1. Explain FSA’s connections to Fethullah Gulen and other charter schools in the United States and notify the community. The attached Fulton Science Academy biographies from the Alpharetta City bond application directly link FSA staff and board members to other charter schools and Gulen affiliated businesses. See Exhibit E, Bond Application FSA Biographies
- Ask Fulton Science Academy to be up front with parents and explain that the Istanbul Center is a religious organization connected to Fethullah Gulen. My son and other students received a scholarship from the Istanbul Center for the school sponsored trip to Turkey. See Exhibit F Attached Slide from Turkey Trip Presentation. See Exhibit G Attached page from the Fethullah Gulen Website
- Ask Fulton Science Academy to provide a detailed itinerary with hotel/school accommodations for students traveling to Turkey on school sponsored trips. This is a safety concern. The State Department suggests that travelers to Turkey file an itinerary with the American consulate in the event of an emergency, natural or political. See Exhibit H Attached Itinerary
- Ask Fulton Science Academy to tell parents when students will be staying at Gulen affiliated colleges/schools. The 2010 parent group and the student group visited/stayed at Gulen affiliated schools. See Exhibit I, Dr. Joshua Hendrick Article
- Require FSA to provide bids for services pursuant to Fulton County School Board rules.
If the North Fulton County Legislative Delegation is willing to reach into local school issues and publicly endorse FSA, then that same group should be willing to ask the above questions of FSA. See Exhibit J, December 22, 2011, letter from North Fulton County Legislative Delegation regarding FSA.
The Fulton County School Board Provides Needed Oversight
The Fulton County School Board has put rules in place, not just for FSA, but for every charter school in Fulton County. These rules protect taxpayer money, require charter boards to educate parents, require transparency and are aimed at preventing conflicts of interest. The Fulton County School Board has worked hard to provide these guidelines and oversight for charter schools, which are necessary to their operation and accountability for taxpayer monies.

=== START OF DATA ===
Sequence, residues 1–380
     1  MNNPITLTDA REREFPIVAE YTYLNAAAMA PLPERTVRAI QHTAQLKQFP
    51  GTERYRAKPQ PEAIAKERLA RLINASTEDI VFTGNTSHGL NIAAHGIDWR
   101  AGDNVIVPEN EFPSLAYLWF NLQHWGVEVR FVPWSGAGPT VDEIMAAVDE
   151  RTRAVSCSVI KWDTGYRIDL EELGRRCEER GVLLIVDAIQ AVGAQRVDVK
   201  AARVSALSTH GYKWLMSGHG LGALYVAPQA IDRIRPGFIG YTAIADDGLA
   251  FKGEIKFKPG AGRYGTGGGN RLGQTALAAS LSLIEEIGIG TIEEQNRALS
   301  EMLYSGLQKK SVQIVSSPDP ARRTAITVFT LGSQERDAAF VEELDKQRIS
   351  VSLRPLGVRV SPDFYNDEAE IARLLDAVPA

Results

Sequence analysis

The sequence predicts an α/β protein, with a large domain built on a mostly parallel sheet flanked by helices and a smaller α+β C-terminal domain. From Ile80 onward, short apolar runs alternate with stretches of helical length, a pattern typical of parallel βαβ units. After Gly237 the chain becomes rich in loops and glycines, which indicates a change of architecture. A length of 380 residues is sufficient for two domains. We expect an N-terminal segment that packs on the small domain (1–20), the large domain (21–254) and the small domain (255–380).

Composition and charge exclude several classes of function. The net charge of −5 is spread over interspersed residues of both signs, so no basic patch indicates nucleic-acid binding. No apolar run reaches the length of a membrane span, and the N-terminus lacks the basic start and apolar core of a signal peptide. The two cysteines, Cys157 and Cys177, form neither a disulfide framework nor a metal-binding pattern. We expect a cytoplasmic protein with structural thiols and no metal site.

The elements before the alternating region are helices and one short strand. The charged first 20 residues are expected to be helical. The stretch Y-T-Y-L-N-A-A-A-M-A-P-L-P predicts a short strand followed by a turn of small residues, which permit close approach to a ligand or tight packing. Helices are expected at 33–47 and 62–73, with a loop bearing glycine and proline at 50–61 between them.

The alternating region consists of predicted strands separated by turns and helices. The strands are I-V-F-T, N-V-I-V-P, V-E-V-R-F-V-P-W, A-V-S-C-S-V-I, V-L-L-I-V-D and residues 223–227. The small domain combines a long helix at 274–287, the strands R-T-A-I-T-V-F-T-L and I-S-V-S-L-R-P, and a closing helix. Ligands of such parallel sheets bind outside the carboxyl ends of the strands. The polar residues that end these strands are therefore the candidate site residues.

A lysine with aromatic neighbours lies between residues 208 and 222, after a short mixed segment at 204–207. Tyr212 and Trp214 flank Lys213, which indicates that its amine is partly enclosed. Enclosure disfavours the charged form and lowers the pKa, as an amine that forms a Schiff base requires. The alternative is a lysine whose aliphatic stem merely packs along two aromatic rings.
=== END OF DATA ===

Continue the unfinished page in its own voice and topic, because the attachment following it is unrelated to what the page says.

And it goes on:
FSA also proceeded with the $18 million dollar bond request, which would ultimately be paid back with taxpayer money. As a result, Oppenheimer invested in the bonds and, when the 10 year charter with a blanket waiver of Title 20 was not approved, Oppenheimer tried to pressure the Fulton County School System to approve it. See Exhibit K, attached letter from Oppenheimer to the Fulton County School System. To the extent that Oppenheimer made the investment believing that the charter would be approved, it appears that it did so because of FSA’s representations. If so, this is not responsible behavior by a charter school and may lead to issues facing the charter system in Texas. See Exhibit L, attached article by Stephanie Saul of the New York Times.
Georgians Need Your Help
Most individuals do not understand how charter schools operate and, instead, believe that local and state government officials and legislators are ultimately protecting their students and their taxpayer money. Unfortunately, I believe that the North Fulton County Legislative Delegation has ignored the tough issues and endorsed FSA to support its efforts toward a constitutional amendment. Moreover, the lack of discussion about the more problematic aspects of FSA and
the potential problems with charter schools, only make the unintended consequences of a constitutional amendment more likely. In short, Georgians need your help and your courage to address these issues.
I understand that the North Fulton County Legislative Delegation has been planning a constitutional amendment since the Georgia Supreme Court’s decision in Gwinnett v. Cox last May, and that the problems of charter schools might be something they wanted to avoid. However, I sincerely hope that the desire to obtain a constitutional amendment does not cause the legislature to avoid some of the real and problematic consequences of allowing FSA and similar charter schools to operate without oversight by a local board of education.
I have long been an advocate for charter schools, but I cannot support HR1162 or any similar bill, knowing that my legislators condemned the Fulton County School Board for following the rules applicable to charter schools. HR1162 is vague and given the problems at FSA, HB 1162 is a paved road to reckless use of taxpayer money.
Thank you for your time. Sincerely,
cc: Governor Nathan Deal
Kristen Bernhard, Education Policy Advisor to the Governor Lt. Governor Casey Cagle